There are important themes in Zenos' allegory. Here are five of them:
1. The Lord of the vineyard controls overall history through His involvement and the involvement of His servants. However, they can only accomplish two things: 1) removing the bad, bitter fruit by cutting away branches and burning them. 2) encouraging the good, natural fruit by pruning, grafting, nourishing and laboring. Whether or not the natural fruit reappears is left to the tree itself. Mankind cannot be compelled to be good. As agents of their own, they are free to choose. No amount of ministering will force the natural fruit to appear. The Lord and His servants can only present the opportunity.
2. The tree and its branches are prone to repeatedly producing bitter fruit. Producing natural fruit does not come easily. From the beginning, the tree was prone to loftiness and pride. It required cutting away, scattering and destroying the main top in order to have a chance to cause the natural fruit to reappear. This is the tendency. As soon as people learn they are "called" they will presume they are "chosen," even though these are two entirely different things. The Lord of the vineyard has learned by sad experience that it is the nature of almost all men that they begin to exercise unrighteous dominion over one another as soon as they have a little authority as they suppose. This is why He does not distribute, and cannot confer, the priesthood on mankind through generations of hand-me-down lines of authority. As soon as it is abused, it is lost. And when the Lord says "amen to the priesthood of that man" he is powerless to give it to another.
3. The Lord has occasionally come to the vineyard. On one occasion He labored directly within the vineyard, choosing to mingle with the scattered branches and to personally minister among them. This produced a period of production throughout the vineyard. However, it was short-lived. The vineyard lapsed into bitter fruit everywhere. There came a point where the entire vineyard produced nothing but bitter fruit, in every part of the Lord's possession. When that time came, the Lord determined to labor a "last time" in the vineyard, and to bring a "few servants" to assist. Again this return would involve His personal appearance, but it took the form of periodic appearances with His servants, as in the First Vision and Section 76. When He appears He confers authority. Joseph and Sidney both "received of His fullness" when He ministered to them. (D&C 76: 20.) Indeed, no one can behold His glory and not receive of His fullness. (D&C 84: 22.) To receive His priesthood, He must redeem from the fall (Ether 3: 13) and thereby receive Him. (D&C 84: 35.) This is not an apperance in the heart, but is rather a personal appearance, The idea it is something merely in the heart is an old sectarian notion and is false. (D&C 130: 3.)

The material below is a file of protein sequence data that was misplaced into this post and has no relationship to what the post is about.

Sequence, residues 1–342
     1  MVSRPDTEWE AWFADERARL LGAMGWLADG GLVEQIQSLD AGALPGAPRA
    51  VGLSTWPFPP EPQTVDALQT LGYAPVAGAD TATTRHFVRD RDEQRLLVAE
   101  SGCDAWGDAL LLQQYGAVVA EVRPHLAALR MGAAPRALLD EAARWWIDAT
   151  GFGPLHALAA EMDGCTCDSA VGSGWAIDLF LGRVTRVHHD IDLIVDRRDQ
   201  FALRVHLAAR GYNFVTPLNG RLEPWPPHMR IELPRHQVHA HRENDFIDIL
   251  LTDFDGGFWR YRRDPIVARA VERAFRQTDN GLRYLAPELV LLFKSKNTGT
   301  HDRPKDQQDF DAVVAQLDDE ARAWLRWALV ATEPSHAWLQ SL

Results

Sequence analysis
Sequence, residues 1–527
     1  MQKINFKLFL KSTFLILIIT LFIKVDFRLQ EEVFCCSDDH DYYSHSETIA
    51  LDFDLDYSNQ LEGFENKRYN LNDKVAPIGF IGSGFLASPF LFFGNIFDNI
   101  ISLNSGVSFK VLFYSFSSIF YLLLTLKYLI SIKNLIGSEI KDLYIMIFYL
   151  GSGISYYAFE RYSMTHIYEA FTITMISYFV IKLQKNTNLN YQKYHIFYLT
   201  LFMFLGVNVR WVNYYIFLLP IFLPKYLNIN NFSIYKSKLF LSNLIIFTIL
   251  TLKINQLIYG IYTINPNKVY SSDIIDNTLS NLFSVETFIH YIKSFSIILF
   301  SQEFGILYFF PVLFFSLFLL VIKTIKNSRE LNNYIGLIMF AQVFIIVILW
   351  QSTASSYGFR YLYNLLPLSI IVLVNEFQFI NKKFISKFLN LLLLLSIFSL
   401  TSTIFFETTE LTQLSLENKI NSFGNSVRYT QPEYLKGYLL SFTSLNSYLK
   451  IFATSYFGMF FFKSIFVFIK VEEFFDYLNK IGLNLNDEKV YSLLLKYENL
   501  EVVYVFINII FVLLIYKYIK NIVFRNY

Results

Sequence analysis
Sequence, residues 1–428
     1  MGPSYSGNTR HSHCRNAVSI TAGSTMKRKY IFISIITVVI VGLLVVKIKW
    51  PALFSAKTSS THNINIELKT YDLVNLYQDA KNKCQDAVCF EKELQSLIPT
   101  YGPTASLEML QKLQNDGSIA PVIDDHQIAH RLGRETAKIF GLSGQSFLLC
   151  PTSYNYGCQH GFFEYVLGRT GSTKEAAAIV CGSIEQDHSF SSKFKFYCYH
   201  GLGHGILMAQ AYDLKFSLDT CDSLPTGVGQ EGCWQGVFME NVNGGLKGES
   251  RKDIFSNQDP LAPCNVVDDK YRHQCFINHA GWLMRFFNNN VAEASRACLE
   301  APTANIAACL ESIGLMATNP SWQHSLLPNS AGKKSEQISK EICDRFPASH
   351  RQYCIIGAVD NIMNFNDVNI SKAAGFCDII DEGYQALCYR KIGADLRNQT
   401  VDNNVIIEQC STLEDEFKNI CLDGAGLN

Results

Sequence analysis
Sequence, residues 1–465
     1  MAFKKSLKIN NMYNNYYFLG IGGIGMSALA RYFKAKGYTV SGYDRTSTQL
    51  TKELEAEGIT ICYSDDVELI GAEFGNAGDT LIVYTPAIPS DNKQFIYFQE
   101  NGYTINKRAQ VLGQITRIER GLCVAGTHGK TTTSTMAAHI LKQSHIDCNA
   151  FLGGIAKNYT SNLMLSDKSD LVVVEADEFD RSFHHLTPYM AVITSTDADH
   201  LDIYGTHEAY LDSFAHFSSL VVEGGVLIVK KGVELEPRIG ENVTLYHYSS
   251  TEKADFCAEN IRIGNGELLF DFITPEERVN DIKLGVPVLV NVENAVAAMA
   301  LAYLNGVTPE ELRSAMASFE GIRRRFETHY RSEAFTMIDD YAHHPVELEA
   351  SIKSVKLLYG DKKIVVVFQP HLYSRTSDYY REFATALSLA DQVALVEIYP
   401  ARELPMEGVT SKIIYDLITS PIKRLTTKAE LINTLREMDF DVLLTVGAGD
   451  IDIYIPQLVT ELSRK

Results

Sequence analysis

4. In the Lord's last labor in the vineyard, the commencement of the work does not signal the end of His involvement. Once begun, He will continue to labor with the tree to encourage it to produce fruit. He will send servants who will labor with all their might to bring the fruit about. However, it will be the tree's response and not the Lord's nor His servants' work that will bring again the natural fruit. This will take a long time before the roots are able to take hold again. The grafted branches will require pruning and additional work before they respond and return to respect and take nourishment from the natural roots. What was shocking and hard to bear with will need to be accepted in humility and gratitude before the natural fruit can appear once more.
5. When the natural fruit begins to appear, the Lord will begin to trim away the bad to make way for the good to prevail. Therefore, those who fight against the natural fruit will be cut down. Even those who entertain high positions will be struck down if they oppose the return of the Lord's natural fruit. (See, e.g., D&C 85: 7.) The Lord of the vineyard controls which branches are allowed to survive with His tree, and not the tree itself. The inclination to produce the lofty and high minded remains the tendency of the tree. But those unwanted and unproductive branches will be cut away, burned, and not allowed to interfere with the natural fruit.
The content of this blog presumes you are already familiar with Denver Snuffer's books. Careful explanations given in the books lay the foundation for what is contained here. If you read this blog without having first read his books, then you assume responsibility for your own misunderstanding and misinterpretation of the writer's intent. Please do not presume to judge Mr. Snuffer's intentions if you have not first read his books.
Friday, April 20, 2012
Themes from Jacob 5
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